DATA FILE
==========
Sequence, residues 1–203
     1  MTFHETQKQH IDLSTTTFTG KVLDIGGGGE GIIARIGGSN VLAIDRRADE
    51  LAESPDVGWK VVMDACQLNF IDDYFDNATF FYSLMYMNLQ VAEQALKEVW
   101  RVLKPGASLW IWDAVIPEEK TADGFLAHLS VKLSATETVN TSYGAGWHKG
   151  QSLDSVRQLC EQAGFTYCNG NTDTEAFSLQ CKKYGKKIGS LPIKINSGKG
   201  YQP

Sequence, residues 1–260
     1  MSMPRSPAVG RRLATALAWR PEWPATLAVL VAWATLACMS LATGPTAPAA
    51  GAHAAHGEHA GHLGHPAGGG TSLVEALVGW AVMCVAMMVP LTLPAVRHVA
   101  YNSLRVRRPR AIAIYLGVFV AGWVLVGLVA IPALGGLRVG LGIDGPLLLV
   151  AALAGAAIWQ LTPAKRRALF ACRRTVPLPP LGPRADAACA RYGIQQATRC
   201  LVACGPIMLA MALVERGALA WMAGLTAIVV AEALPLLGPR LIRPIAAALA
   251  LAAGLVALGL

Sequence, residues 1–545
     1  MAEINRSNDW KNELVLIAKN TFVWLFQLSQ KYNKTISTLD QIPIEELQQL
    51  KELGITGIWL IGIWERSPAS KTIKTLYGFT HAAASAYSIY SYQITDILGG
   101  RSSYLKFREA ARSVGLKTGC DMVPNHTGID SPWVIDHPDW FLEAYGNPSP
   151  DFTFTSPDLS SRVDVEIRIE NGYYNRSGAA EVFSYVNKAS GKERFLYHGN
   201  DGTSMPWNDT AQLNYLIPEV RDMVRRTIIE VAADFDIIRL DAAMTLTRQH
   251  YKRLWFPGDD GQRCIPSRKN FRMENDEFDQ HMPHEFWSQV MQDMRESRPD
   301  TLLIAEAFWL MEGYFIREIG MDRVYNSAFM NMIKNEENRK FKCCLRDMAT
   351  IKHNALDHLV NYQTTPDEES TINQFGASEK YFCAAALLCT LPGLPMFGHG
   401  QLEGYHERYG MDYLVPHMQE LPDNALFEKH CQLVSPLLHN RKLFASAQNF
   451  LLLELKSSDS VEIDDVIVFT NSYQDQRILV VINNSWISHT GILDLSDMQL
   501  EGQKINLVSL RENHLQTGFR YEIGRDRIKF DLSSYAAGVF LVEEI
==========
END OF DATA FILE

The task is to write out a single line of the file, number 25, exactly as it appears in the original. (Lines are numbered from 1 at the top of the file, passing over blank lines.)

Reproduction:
   501  EGQKINLVSL RENHLQTGFR YEIGRDRIKF DLSSYAAGVF LVEEI